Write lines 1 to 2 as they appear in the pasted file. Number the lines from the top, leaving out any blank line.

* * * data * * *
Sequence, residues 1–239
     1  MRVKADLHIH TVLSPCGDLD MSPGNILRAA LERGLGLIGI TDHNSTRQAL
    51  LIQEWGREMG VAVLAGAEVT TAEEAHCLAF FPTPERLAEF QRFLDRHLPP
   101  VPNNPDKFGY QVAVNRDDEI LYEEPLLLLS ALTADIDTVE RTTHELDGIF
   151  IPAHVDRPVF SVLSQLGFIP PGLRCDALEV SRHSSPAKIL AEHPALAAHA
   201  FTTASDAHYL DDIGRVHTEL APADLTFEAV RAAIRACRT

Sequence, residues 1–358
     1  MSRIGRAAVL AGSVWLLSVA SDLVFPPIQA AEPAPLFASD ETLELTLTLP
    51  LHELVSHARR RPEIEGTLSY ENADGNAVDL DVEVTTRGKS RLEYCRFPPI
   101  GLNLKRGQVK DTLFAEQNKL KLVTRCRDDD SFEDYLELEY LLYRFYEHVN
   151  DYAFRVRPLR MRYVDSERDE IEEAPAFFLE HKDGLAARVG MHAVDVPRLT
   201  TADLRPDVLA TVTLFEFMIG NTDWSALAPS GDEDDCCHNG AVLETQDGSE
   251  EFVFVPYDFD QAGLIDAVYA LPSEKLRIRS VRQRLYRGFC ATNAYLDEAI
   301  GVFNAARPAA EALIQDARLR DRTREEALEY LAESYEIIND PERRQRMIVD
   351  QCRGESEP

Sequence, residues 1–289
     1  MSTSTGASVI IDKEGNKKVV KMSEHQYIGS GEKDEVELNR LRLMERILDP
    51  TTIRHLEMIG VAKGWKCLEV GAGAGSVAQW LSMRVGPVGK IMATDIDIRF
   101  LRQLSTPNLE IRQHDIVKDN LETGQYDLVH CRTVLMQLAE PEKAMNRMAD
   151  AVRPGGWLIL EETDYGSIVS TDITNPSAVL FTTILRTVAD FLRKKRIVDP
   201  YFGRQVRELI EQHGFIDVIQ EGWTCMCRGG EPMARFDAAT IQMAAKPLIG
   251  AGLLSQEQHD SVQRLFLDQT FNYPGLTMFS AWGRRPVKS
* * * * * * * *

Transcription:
Sequence, residues 1–239
     1  MRVKADLHIH TVLSPCGDLD MSPGNILRAA LERGLGLIGI TDHNSTRQAL